I make frequent changes to my PowerShell profile and like to have the same PowerShell envirnoment on all computers that I use PS from. To accomplish this, I used to copy the PowerShell profile to a folder on OneDrive (previously known as SkyDrive) and copy it back to the WindowsPowerShell folder on other computers – first, manually, and then using a script.
But there’s an easier way to have a single copy of your PowerShell profile and store it on OneDrive. This method allows PowerShell to automatically use the synchronized version on OneDrive. If you make changes to the profile, you no longer have to worry about copying the updated local version to OneDrive (manually) or sync/copy the updated version from OneDrive to all computers.
If you’re thinking about how complicated this solution is going to be, you can discard that thought right now! If simple solutions make you happy, this should make you jump with joy.
The caveat with this approach, if it can be called that: changes AND deletions to your PowerShell profile file are synced to all computers where you set it up.
|Folder or file||Default path|
|Windows user profile||C:\Users\<username>|
|PowerShell profile file||C:\Users\<username>\Documents\WindowsPowerShell\
|Microsoft OneDrive folder||C:\Users\<username>\OneDrive|
Here’s how it works:
- Install OneDrive The OneDrive app is included in Widows 8 and later. If you don’t have the app installed on your computer, download and install it.
- Create a WindowsPowerShell folder on OneDrive Navigate to your OneDrive folder (the cached copy on your local drive) and create a WindowsPowerShell folder here.
By default, the OneDrive app synchronizes your data to the OneDrive folder in your user profile (Default: C:\users\<username>\OneDrive). I change mine to a root level folder (for example: C:\Bharat\OneDrive) to make it easier to type.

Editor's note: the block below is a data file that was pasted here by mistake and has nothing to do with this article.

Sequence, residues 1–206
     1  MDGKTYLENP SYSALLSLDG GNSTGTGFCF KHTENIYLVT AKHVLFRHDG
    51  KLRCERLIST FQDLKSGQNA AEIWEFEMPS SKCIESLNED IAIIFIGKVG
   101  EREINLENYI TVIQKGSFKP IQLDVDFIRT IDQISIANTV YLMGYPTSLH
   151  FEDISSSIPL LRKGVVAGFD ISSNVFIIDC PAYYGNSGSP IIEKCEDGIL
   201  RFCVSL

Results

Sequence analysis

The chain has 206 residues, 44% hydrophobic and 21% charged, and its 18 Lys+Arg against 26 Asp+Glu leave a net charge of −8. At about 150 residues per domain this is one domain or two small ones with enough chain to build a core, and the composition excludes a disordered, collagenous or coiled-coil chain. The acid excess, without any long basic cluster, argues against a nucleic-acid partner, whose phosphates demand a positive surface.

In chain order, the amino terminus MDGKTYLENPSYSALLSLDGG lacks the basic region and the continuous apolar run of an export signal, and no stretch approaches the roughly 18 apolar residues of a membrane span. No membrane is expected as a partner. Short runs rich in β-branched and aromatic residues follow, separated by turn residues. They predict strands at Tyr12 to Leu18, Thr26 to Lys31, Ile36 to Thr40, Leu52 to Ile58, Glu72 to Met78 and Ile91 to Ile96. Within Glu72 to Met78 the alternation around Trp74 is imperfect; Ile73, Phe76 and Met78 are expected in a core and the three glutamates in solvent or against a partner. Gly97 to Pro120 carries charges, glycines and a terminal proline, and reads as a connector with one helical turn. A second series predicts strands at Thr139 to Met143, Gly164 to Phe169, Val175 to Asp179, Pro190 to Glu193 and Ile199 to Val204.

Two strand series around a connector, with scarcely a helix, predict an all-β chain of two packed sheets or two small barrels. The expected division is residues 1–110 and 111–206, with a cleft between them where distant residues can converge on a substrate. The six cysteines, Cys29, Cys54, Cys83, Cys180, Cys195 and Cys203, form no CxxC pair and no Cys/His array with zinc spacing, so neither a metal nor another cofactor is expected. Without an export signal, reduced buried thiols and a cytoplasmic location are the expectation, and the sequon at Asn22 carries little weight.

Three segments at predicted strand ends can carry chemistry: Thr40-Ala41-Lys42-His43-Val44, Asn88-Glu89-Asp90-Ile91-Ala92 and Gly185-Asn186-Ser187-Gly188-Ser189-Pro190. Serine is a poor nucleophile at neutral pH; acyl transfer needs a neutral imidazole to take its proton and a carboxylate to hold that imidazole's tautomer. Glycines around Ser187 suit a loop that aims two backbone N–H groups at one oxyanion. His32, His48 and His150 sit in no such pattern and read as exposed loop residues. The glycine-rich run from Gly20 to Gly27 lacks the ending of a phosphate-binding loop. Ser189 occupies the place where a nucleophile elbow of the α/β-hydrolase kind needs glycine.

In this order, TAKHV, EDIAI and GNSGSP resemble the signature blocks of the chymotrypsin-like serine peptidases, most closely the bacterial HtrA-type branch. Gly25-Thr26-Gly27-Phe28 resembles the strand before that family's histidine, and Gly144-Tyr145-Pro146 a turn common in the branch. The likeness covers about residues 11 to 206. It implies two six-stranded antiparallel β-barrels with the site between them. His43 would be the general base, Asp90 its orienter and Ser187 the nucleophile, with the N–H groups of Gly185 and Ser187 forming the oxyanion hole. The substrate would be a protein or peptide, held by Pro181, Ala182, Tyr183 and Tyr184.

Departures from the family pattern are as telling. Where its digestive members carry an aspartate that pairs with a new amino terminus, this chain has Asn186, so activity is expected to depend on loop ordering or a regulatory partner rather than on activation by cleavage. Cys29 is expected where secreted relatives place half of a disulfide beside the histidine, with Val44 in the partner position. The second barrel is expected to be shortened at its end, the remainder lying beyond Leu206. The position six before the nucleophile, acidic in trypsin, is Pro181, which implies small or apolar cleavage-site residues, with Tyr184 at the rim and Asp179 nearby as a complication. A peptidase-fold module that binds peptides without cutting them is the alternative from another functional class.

- Rename the WindowsPowerShell folder in your user profile Check the Documents folder in your profile (typically C:\users\<username>\Documents). If you have a WindowsPowerShell folder, rename it to something like WindowsPowerShell-BAK.
- Create a symbolic link Create a symbolic link called WindowsPowerShell in the Documents folder and point it to the WindowsPowerShell folder in your OneDrive folder. Do this using a command prompt (cmd). PowerShell doesn’t recognize the mklink command.
- Navigate to the Documents folder in your user profile.
- Create the symbolic link.
mklink /D WindowsPowerShell c:\Bharat\OneDrive\WindowsPowerShell
- Rinse and repeat on your other computers.
Tip: Before you create the symbolic link to the WindowsPowerShell folder on other computers, the folder should be synchronized from OneDrive to that computer. Make the WindowsPowerShell folder in your OneDrive available offline. Use Windows Explorer to browse to your local OneDrive folder > right-click the WindowsPowerShell folder and select Make available offline.
Now start PowerShell. If you have a PowerShell profile in the OneDrive folder, it’ll load by default. Any changes made to the profile will sync to the other computers.